Armored columns containing Libyan soldiers and top allies of former Libyan strongman Muammar Qaddafi, arriving in the West African country of Niger, set off speculation today that Mr. Qaddafi may be preparing to flee the country.
Wishful thinking, perhaps. Eyewitnesses at the border and in the Nigerien capital of Niamey say that Qaddafi himself had not been seen in the convoy, although 12 senior Libyan officials including Qaddafi’s own security chief, Mansour Dao, had been sighted, along with Niger’s ethnic Tuareg rebel leader Rissa ag Boula, who had come to fight in Qaddafi’s defense.
But Qaddafi’s long-standing relationship with his neighbors in the African Sahel region – including Chad, Niger, Mali, and Burkina Faso – make it entirely plausible that Qaddafi might seek refuge there, if and when he makes the decision to flee.
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“I don’t have specific information about this convoy, but what is clear is that all the Sahelian countries had relationships with Libya and benefited from Libya, and if Burkina Faso has offered asylum, it’s likely that some of Qaddafi’s people are moving to Burkina Faso,” says Thierry Vircoulon, a Sahel expert for the International Crisis Group’s office in Nairobi, Kenya.
Qaddafi’s ties with the arid nations south of the Saharan desert go deeper than mere financial support. They extend back several decades, when several of the present leaders of Sahelian countries were still rebel leaders, desperately seeking arms, logistical support, and training. Qaddafi provided these.
Burkina Faso’s President Blaise Campaore once trained in Libyan military training camps, before overthrowing the government of his predecessor Thomas Sankara in 1987. Chad’s President Idriss Deby once scraped together a ragtag force of fellow ethnic Zaghawa fighters, before overthrowing then-President Hissene Habre in a Qaddafi-supported insurgency.
But what the Brother Leader gives, he also takes away. Qaddafi has supported rebel attacks against several of his neighbors, including ethnic Tuareg fighters in Niger and Mali and ethnic Zaghawa fighters against Qaddafi’s own former protégé, President Deby.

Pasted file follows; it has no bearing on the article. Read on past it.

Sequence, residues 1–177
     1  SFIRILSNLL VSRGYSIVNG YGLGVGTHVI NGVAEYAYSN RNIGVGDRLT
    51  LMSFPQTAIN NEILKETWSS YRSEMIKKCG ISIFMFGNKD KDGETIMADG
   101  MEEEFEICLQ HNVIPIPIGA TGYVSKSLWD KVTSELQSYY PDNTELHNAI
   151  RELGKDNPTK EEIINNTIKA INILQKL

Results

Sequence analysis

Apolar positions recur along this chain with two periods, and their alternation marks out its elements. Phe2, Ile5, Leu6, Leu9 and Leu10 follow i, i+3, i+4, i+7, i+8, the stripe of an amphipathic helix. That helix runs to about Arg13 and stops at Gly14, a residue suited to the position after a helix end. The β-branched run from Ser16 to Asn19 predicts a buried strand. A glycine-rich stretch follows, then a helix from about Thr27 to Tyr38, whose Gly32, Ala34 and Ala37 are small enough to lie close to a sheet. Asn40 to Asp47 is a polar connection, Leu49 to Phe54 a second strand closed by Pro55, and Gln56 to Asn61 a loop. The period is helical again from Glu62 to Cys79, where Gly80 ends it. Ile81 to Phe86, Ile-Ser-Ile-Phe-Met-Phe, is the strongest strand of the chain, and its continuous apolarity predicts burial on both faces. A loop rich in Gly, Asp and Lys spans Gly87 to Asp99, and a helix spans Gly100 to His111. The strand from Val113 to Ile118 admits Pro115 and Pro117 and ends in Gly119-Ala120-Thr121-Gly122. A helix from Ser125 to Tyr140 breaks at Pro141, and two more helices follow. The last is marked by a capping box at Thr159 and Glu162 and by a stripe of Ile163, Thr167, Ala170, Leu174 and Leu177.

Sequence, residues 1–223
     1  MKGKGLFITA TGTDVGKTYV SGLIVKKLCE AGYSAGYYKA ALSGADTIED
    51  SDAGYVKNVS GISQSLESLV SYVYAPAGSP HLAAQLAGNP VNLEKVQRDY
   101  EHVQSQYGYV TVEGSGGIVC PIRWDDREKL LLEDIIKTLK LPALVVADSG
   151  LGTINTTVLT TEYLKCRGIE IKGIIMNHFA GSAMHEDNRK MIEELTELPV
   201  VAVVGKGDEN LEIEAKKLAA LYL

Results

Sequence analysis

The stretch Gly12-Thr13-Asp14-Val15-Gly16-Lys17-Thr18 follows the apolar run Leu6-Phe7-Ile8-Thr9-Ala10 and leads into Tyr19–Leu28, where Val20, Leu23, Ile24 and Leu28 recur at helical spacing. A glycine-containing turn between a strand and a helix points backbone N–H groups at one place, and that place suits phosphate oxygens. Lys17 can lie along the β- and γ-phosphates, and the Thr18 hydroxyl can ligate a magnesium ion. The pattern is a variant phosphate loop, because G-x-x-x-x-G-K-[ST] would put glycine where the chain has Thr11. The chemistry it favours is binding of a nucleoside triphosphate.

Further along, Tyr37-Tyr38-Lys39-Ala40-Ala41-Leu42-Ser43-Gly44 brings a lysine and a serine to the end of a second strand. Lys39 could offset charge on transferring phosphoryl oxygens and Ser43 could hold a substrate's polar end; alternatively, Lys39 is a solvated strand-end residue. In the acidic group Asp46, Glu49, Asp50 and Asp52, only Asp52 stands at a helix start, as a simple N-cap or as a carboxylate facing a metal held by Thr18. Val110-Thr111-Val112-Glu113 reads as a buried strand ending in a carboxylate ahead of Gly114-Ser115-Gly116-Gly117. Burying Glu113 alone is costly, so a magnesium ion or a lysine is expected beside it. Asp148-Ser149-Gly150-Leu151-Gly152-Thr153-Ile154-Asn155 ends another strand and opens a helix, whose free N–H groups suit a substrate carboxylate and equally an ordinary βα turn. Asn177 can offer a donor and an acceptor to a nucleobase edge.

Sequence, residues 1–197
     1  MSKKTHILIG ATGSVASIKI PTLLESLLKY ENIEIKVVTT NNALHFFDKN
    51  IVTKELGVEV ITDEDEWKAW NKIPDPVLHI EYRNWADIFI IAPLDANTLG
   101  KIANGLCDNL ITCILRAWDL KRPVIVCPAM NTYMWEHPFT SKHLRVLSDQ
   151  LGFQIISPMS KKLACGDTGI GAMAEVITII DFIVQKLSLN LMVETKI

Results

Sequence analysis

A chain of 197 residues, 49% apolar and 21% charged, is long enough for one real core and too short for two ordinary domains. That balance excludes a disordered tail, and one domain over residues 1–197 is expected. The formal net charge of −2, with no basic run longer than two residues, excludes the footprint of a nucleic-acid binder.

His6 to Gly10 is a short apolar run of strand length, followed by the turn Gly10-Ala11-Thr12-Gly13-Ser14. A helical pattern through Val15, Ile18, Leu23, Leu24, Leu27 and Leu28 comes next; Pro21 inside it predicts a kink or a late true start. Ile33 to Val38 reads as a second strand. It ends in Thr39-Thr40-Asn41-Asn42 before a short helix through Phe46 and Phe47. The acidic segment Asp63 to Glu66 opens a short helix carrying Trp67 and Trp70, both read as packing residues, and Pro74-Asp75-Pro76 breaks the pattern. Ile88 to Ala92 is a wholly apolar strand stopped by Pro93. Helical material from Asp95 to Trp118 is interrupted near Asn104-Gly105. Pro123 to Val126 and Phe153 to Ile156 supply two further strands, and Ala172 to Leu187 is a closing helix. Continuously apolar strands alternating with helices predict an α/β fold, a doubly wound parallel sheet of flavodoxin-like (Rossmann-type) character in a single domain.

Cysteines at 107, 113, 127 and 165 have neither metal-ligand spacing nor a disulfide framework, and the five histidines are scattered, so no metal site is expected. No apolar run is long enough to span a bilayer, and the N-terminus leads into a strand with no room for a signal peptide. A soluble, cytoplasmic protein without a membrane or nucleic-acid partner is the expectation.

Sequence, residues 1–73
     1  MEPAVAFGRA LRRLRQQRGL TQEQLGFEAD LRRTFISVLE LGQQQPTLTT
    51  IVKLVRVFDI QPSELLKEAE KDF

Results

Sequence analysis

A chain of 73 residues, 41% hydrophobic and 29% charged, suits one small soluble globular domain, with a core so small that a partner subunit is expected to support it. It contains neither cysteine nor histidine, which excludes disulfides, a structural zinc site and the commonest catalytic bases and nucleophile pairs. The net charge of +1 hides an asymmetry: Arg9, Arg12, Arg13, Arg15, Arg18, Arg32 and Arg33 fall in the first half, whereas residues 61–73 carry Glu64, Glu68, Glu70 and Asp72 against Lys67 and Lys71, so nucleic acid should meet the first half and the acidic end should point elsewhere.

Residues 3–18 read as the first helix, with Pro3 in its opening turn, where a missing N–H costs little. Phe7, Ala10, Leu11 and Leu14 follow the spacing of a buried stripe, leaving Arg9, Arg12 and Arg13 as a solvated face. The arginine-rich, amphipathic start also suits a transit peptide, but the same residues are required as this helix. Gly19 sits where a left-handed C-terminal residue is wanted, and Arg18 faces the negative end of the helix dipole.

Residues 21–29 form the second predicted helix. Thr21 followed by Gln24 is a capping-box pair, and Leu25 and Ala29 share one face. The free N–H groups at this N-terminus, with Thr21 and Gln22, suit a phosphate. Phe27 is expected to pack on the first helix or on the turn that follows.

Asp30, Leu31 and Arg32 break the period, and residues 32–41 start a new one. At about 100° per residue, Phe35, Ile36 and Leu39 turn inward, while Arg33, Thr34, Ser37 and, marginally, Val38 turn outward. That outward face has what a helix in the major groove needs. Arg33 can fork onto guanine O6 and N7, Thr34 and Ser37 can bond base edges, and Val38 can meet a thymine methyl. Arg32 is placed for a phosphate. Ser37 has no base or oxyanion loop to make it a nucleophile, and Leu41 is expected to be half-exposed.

As signatories of the treaty that created the International Criminal Court, both Burkina Faso and Niger would be legally obliged to hand over Qaddafi to the ICC’s prosecutor, Luis Moreno-Ocampo, who has issued an arrest warrant against Qaddafi for targeting civilians in the past six months. But Mr. Vircoulon, the Crisis Group expert, says that no Sahelian country is likely to do so.
“As you know, the whole of Africa will not arrest Qaddafi, even though they all signed the ICC treaty,” says Vircoulon. “As a whole, the Sahelian countries benefited from Qaddafi’s largesse. It’s not likely that he should carefully look at which countries are offering asylum, because they simply won’t cooperate with ICC.”
Many members of the African Union – Africa’s largest regional bloc – say that African nations should resist cooperation with the ICC, arguing that the Hague-based criminal court targets African nations for human rights prosecution, but ignores human rights charges leveled against richer nations like the US, Britain, and France.
Kenya’s parliament voted earlier this year to urge the rescinding of the Hague court treaty. Sudan’s President Omar al-Bashir has managed to travel relatively freely in Africa and the Middle East, despite facing arrest warrants for genocide and war crimes charges allegedly committed in Sudan’s Darfur region.
"We have strongly urged the Nigerien officials to detain those members of the regime who may be subject to prosecution, to ensure that they confiscate any weapons that are found and to ensure that any state property of the government of Libya, money, jewels, etc., also be impounded so that it can be returned to the Libyan people," US State Department spokesperson Victoria Nuland said, according to Reuters.